38 New. Eng. L. Rev. 97 (2003-2004)
United States v. Drayton: Reasonableness & (and) Objectivity - Discussion of Race, Class, and the Fourth Amendment

handle is hein.journals/newlr38 and id is 119 raw text is: COMMENT
Imagine that you have been unable to purchase a plane ticket to return
home for the holidays. You have, however, been able to scrape up enough
money to purchase a bus ticket to make the trip. Imagine now, that after
you have boarded the bus and traveled a significant distance, the bus pulls
off the road in order to refuel. You think to yourself, Thank Heavens we
can get out and stretch, as you massage the feeling back into your legs.
After you have taken the time to leave the confines of the bus, walk around
and perhaps use the bathroom, the bus driver is now ready to disembark
once again.
As you re-board the bus, the bus driver takes your ticket and you return
to your seat. Now imagine that instead of seeing the bus driver returning to
his seat, you watch as three men in plain clothes, wearing badges around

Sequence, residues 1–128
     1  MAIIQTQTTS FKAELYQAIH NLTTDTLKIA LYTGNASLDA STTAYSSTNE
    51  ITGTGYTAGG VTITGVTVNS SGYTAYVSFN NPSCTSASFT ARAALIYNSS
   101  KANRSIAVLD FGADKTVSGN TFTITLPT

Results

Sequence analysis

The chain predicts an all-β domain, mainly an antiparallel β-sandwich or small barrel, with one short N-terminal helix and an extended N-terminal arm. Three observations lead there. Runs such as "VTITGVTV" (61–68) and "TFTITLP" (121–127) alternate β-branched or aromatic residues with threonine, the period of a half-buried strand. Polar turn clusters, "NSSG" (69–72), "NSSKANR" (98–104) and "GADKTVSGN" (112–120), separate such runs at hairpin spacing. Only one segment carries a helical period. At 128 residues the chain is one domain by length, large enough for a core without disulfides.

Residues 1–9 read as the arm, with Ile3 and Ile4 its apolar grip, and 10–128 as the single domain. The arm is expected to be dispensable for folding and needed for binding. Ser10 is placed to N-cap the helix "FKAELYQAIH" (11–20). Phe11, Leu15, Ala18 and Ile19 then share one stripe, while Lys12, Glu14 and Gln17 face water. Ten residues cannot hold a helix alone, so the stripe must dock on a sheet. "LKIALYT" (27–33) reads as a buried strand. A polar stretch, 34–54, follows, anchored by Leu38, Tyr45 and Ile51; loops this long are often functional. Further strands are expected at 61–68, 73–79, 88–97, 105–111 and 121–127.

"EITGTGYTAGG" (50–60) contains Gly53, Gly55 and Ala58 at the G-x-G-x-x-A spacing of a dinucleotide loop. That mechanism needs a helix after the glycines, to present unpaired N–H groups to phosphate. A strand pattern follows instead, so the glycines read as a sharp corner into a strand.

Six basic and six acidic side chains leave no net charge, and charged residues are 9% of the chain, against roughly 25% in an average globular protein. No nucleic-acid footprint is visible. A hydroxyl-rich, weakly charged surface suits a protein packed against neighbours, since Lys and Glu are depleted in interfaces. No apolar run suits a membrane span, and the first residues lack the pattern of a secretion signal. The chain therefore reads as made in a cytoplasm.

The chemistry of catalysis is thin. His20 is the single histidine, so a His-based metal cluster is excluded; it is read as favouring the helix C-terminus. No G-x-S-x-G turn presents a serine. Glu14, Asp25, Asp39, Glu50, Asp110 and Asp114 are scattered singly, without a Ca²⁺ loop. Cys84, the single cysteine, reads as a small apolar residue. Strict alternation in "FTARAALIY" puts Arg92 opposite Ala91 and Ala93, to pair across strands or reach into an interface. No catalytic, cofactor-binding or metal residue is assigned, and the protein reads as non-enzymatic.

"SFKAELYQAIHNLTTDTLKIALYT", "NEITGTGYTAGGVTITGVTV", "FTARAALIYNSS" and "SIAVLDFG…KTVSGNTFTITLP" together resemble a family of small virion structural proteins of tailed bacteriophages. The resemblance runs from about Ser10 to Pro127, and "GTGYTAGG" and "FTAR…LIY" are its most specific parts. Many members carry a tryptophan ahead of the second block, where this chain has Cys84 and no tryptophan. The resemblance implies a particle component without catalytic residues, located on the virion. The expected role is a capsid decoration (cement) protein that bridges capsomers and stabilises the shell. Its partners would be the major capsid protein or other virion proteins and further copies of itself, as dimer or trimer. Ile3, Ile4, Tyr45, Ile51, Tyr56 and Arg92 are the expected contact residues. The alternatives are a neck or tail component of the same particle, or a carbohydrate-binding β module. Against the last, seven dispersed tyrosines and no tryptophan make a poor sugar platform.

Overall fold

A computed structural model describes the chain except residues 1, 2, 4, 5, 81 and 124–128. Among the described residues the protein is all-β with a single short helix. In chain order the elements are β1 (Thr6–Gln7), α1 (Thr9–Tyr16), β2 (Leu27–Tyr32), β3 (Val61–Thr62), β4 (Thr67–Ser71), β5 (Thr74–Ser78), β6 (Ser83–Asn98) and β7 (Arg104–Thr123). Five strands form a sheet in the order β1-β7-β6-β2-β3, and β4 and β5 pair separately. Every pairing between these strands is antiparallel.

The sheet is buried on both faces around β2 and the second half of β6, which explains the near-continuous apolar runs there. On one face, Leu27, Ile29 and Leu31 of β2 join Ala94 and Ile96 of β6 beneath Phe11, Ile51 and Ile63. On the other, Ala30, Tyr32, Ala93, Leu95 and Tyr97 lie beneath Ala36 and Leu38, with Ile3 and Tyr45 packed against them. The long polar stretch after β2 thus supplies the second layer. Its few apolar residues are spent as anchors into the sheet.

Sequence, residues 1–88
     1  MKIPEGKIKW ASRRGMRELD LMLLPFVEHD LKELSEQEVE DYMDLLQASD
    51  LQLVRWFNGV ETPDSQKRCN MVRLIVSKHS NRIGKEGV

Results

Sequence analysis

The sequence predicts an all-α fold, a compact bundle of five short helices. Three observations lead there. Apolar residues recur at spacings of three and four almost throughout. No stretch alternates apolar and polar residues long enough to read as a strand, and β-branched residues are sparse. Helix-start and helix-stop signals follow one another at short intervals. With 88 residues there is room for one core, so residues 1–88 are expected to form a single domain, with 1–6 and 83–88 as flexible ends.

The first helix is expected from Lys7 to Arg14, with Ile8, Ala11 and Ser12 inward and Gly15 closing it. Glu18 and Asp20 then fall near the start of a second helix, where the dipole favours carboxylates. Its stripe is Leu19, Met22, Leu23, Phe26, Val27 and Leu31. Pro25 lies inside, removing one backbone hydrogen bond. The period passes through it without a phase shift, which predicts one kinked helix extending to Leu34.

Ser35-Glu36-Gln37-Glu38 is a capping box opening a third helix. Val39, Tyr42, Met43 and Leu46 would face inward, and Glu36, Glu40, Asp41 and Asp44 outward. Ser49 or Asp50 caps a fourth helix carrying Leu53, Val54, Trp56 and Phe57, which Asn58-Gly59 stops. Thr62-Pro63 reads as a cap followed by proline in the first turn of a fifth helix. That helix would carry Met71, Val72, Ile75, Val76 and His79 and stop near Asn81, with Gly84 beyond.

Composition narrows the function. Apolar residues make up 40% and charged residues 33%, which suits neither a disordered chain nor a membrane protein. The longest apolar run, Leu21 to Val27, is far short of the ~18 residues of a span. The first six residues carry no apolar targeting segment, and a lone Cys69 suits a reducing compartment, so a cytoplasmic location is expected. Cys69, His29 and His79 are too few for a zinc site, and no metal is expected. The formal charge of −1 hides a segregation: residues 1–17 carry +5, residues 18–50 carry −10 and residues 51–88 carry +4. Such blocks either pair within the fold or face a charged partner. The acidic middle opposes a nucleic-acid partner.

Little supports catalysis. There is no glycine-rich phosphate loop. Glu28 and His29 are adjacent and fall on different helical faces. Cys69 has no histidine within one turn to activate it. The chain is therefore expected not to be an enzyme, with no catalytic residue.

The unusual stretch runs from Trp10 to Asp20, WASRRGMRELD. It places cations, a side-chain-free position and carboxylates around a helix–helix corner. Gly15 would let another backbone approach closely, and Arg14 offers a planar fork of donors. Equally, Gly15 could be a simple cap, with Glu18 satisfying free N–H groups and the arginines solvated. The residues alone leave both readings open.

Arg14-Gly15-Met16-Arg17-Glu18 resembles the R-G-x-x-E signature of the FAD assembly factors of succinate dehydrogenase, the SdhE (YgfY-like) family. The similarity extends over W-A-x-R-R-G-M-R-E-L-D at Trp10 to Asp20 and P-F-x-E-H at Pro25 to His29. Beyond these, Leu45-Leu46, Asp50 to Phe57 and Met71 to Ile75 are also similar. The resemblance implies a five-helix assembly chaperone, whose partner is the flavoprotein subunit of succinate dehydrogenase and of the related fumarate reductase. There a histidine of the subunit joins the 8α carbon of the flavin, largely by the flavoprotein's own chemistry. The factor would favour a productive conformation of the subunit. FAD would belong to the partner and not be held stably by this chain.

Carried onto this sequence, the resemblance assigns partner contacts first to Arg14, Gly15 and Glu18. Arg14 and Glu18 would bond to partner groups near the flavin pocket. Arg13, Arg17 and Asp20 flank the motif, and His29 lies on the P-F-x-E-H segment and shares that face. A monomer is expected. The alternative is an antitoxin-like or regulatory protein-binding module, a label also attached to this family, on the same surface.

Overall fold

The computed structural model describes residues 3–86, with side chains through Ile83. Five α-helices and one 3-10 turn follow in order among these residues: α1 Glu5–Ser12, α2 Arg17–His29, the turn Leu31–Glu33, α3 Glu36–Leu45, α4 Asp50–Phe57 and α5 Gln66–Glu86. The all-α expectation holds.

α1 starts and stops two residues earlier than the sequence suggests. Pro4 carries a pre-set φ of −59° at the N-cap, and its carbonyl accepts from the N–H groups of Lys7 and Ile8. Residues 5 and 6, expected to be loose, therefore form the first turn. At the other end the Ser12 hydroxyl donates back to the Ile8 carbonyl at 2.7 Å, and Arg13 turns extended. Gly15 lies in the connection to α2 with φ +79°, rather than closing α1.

their necks and concealed weapons under their jackets, board the bus. One
of the officers stations himself at the front of the bus, watching the scene
unfold as the other two walk to the back of the bus. You hear a slight
commotion behind you as the officers slowly make their way to where you
are seated.
Suddenly, you feel the presence of someone hovering over your
shoulder. You turn around to see that an officer is addressing you within a
foot of your face. He informs you that he is trying to find weapons and
drugs on the bus and would like your cooperation. Now imagine that you
are black.
This exact scenario unfolded in the case of United States v. Drayton,
decided by the Supreme Court on June 17, 2002.1 This Comment will
discuss the majority opinion2 and the Justices' analysis of the issues
1.  United States v. Drayton, 536 U.S. 194 (2002).
2.  See generally id. (joining Justice Kennedy in the opinion were Chief Justice

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